newspapers, the logbook records reveal the subsequent course of events. Fol- 
lowing the newspaper report that the ship Frederick, Captain Benjamin Pendle- 
ton, and the schooner Freegift, Captain Ephraim Williams, sailed in May, 1820, 
the logbooks themselves take up the story.^** 

First, the log of the 47-foot sloop Hero, Captain Nathaniel B. Palmer, which 
sailed from Stonington on August 12, 1820. The brig Hersilia, Captain Shef- 
field, had sailed several days before; the schooner Express, Captain Dunbar, 
sailed in company with the Hero according to the latter's log.^^ Available 
material does not state where these five vessels were to eventually meet, but 
it does appear to have been agreed that the latter three were to rendezvous at 
the Falklands or Staten Land. The Hero was not built as a special survey vessel,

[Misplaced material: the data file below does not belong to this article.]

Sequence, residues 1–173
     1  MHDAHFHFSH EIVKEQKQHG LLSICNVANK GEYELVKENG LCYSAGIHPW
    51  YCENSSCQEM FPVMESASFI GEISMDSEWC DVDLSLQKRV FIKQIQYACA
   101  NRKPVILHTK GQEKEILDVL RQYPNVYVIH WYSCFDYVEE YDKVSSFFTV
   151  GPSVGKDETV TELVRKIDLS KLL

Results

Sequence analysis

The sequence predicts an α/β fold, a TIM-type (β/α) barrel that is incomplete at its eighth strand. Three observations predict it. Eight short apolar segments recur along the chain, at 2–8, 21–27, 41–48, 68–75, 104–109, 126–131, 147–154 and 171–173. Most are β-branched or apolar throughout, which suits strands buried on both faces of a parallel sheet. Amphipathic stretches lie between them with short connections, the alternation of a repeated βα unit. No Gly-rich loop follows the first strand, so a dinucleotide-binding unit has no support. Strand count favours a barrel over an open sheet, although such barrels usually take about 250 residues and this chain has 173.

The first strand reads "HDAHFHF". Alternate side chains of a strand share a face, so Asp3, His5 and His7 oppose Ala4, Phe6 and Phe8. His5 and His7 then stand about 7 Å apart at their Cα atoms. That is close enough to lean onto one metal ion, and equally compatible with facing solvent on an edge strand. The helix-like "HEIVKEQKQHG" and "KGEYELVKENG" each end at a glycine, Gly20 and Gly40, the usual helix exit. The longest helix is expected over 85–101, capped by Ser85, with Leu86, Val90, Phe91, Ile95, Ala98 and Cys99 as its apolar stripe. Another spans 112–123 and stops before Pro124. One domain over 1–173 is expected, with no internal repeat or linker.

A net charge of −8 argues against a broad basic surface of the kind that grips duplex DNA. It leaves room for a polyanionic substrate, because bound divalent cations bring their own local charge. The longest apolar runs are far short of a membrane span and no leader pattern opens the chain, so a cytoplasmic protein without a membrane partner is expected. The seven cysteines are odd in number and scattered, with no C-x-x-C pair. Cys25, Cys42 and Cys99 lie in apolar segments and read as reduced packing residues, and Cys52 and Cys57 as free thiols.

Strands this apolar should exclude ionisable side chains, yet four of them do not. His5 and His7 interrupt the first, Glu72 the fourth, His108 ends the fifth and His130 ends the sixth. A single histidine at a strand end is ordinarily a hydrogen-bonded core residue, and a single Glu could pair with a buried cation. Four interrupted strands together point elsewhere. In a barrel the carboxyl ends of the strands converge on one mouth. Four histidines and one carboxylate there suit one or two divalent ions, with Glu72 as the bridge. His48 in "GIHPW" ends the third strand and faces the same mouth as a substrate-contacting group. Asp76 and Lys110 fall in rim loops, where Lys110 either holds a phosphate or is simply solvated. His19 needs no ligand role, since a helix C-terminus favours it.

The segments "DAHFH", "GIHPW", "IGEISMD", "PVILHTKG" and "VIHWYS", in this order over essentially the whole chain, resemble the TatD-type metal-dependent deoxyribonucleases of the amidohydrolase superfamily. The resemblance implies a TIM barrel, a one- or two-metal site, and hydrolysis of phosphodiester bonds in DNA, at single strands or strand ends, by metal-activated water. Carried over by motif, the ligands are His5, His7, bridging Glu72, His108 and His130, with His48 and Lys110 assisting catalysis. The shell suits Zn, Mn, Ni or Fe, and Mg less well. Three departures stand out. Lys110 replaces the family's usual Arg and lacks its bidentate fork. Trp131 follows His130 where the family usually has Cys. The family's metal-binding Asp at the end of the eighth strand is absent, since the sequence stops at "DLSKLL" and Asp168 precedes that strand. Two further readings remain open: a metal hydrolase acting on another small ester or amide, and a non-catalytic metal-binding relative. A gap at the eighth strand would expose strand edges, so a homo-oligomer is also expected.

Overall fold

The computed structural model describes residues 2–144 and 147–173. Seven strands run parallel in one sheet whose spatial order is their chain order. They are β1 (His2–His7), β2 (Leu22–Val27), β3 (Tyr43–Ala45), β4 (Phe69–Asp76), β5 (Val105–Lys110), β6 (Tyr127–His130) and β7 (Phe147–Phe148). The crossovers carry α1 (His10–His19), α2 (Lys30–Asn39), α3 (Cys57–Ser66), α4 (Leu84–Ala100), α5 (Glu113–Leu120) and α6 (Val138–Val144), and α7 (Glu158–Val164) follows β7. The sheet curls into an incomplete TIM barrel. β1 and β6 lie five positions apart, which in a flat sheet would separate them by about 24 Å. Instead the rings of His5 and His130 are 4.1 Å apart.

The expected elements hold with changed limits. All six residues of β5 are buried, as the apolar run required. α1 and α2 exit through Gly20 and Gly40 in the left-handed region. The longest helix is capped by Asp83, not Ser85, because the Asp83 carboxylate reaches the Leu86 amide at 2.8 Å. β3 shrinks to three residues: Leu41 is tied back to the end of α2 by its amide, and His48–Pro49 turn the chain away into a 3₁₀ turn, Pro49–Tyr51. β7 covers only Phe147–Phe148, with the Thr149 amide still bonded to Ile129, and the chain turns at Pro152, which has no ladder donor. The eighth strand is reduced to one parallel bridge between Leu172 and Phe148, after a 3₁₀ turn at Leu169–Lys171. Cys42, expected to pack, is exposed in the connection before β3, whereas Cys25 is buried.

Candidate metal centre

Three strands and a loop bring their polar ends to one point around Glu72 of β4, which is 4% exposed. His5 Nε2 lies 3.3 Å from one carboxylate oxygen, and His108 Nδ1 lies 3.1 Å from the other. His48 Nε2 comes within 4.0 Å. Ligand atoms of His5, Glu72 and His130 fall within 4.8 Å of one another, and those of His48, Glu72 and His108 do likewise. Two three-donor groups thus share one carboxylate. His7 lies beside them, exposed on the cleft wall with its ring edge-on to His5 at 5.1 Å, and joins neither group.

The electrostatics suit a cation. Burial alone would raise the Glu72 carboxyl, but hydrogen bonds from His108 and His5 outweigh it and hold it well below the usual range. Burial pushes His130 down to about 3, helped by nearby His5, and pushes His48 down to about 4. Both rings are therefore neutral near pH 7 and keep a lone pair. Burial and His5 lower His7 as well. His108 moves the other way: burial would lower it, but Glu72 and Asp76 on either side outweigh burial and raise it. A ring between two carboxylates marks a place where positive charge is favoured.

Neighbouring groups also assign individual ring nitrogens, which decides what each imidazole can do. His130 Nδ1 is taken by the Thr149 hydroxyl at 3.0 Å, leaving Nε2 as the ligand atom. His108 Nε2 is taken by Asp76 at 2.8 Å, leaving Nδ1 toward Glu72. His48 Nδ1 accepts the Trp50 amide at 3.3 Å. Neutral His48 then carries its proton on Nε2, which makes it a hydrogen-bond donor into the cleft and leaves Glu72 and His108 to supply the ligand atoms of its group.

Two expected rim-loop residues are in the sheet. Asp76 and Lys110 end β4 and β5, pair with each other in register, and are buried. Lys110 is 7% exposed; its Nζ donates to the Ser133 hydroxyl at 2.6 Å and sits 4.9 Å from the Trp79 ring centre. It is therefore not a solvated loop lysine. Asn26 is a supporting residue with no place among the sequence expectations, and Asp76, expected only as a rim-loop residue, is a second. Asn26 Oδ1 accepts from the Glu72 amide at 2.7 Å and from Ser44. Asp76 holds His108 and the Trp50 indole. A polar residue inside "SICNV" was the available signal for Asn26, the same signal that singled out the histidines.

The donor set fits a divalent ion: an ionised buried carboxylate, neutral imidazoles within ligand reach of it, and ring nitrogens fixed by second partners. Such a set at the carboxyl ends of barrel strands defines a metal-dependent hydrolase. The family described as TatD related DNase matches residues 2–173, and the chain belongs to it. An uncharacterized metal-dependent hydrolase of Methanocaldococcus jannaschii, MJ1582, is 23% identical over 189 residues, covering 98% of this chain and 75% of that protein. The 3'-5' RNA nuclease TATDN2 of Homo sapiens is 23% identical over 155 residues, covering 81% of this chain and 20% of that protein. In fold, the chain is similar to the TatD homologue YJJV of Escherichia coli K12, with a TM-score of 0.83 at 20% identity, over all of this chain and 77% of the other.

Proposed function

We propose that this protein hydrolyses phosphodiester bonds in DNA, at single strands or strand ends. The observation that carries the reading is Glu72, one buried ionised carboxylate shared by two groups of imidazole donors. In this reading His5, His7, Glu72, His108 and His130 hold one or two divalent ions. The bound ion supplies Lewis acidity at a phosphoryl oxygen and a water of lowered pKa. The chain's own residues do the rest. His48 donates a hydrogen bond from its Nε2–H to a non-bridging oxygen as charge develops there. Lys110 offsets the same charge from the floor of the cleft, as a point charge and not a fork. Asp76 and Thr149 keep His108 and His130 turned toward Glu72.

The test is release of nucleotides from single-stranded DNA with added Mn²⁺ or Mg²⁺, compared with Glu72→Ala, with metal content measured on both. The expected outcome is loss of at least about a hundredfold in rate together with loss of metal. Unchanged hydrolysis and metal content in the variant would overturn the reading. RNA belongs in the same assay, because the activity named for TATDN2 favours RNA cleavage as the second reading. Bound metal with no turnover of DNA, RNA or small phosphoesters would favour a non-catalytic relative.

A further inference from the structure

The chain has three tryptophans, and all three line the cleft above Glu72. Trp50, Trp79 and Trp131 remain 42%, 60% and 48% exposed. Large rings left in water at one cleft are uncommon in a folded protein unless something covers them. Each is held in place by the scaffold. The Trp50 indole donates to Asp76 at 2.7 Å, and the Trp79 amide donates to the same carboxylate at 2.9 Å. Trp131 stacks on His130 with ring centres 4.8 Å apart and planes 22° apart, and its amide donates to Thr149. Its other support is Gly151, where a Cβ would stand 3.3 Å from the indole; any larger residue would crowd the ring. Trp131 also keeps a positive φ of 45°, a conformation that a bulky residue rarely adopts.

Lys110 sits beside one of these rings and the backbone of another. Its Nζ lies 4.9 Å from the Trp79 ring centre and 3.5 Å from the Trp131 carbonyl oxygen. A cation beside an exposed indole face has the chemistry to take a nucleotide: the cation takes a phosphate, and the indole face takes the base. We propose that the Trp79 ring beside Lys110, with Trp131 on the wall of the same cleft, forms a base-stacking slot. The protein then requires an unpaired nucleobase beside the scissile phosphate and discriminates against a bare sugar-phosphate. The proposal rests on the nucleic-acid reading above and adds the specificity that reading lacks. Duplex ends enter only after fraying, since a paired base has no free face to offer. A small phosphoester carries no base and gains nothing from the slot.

as one historian claimed, but was then nearly twenty years old.^^ 

Captain Palmer recorded his arrival at the Falklands on October 17, 1820, 
his landfall being at Berkley Sound. Here, as noted, he found two shallops 
belonging to the ship General Knox (of Salem) ; "the Express in company." 

Three days later, he got through "Cape Tamar Pass" where he anchored 
inside long enough to shoot "some geese and brant, etc.," and then spoke two 
English sealers, the cutter Eliza of London and the brig Jane of Leith, to- 
gether with a shallop belonging to the brig. At 4:00 that afternoon, the Hero 
got through the "Labyrinth" and anchored in West Point Harbor alongside 
the ship General Knox, Captain Orne, "Got out the boat and went on board. "^^ 

The sealing vessels mentioned by Palmer were all to play a part in the ex- 
ploration of the South Shetlands and the Antarctic seas. The master of the brig 
Jane was the famous English sealer, Captain James Weddell, whose name 
was to be identified with one of the best-known features of the Antarctic, the 
Weddell Sea — and also affixed to a species of seal — the Weddell Seal.^* 

That William A. Fanning was on board the Hero is borne out by Captain 
Palmer's note; "Mr. Fanning went on shore and returned with 30 geese." Six